Fewer people also means there’s a more defined sense of community – meaning the individual residents can see and experience the consequences of their actions and the positive changes they make, in a way citizens of large western cities cannot.
It can often be difficult to see the tangible benefits of recycling that one can or disposable coffee cup. One coffee cup in billions can’t mean that much in the grand scheme of things. One in 1,700 is a lot clearer.
So what tangible objectives can we as a country make from observing Kamikatsu? It’s clear that broad-scale central government targets, directives, taxes and incentives will only have so much effect. As it happens, that’s pretty much what we said in response to the government’s latest recycling proposals.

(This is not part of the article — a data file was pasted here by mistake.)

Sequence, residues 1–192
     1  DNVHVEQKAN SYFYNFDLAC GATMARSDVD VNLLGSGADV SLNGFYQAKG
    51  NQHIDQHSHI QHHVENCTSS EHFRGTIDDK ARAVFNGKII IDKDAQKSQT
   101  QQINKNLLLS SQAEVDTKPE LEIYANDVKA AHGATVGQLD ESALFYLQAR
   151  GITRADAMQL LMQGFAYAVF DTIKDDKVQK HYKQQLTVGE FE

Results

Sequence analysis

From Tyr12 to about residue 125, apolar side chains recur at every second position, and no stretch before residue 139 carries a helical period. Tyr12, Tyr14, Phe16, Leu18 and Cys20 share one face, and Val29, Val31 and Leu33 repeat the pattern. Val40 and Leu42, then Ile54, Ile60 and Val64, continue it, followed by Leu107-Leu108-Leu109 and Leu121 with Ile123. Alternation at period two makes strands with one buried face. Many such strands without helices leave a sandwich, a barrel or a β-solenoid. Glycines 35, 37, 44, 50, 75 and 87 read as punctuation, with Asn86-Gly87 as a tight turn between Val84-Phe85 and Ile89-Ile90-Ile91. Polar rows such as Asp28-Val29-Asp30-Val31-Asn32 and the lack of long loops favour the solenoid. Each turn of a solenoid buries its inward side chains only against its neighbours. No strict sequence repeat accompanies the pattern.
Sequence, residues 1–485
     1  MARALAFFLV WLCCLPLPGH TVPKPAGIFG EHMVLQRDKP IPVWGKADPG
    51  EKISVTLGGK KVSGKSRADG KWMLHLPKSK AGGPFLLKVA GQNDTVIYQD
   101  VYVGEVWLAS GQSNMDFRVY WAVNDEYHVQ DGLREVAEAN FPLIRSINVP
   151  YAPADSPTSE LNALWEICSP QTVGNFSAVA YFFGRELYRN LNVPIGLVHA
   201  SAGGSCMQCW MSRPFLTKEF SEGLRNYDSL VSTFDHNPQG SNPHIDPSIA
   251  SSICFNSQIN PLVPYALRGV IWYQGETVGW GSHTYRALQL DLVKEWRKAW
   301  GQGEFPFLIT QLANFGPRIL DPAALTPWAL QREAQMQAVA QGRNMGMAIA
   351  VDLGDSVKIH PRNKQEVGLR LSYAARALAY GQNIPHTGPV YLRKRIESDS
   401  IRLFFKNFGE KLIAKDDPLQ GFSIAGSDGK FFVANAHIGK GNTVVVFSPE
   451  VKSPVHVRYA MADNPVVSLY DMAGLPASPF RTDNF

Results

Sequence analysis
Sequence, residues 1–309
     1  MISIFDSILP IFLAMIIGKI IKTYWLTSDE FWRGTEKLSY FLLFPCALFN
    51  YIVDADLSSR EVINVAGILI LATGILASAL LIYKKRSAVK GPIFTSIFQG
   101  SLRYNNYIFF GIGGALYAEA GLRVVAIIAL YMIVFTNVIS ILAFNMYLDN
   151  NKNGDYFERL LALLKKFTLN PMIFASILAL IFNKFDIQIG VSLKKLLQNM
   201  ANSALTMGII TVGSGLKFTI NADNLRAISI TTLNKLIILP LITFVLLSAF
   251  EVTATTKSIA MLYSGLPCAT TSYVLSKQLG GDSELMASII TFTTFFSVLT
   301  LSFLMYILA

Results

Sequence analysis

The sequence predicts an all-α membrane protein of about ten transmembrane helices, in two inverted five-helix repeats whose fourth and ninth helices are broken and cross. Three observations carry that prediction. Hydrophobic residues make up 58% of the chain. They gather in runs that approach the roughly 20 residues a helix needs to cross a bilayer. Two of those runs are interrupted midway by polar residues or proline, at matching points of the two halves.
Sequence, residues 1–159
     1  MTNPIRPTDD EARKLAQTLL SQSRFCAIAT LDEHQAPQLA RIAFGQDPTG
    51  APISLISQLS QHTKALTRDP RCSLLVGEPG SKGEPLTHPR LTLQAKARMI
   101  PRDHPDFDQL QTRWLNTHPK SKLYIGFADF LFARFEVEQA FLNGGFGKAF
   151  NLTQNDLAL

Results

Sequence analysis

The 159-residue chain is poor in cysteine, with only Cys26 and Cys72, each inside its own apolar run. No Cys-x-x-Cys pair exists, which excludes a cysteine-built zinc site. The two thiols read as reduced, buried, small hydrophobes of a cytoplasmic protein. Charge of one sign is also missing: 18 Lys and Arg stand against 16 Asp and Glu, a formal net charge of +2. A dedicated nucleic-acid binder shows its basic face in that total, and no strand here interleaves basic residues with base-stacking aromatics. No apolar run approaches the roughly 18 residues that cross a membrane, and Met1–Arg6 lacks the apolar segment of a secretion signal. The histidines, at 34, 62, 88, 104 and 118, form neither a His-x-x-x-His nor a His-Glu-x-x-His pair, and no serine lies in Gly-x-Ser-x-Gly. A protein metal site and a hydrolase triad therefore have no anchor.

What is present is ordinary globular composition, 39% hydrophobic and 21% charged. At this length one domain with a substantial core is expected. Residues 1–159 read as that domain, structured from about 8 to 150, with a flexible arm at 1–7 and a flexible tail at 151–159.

Taxes and incentives may well convince people to recycle in order to avoid paying a tax – but it won’t convince them to recycle because recycling in itself benefits them.
You might think the distinction is of no practical consequence. But if we want to become a truly Kamikatsu-esque society we need create a system where individual people in individual communities can see the tangible benefit of their actions. For that to work, waste management reform needs to come from the ground up.
Until then, individuals and companies need to make the most of the waste management system we’ve got. You might not see the immediate benefits of where and how you dispose of your waste – but it’s important to play your part and be as responsible as possible.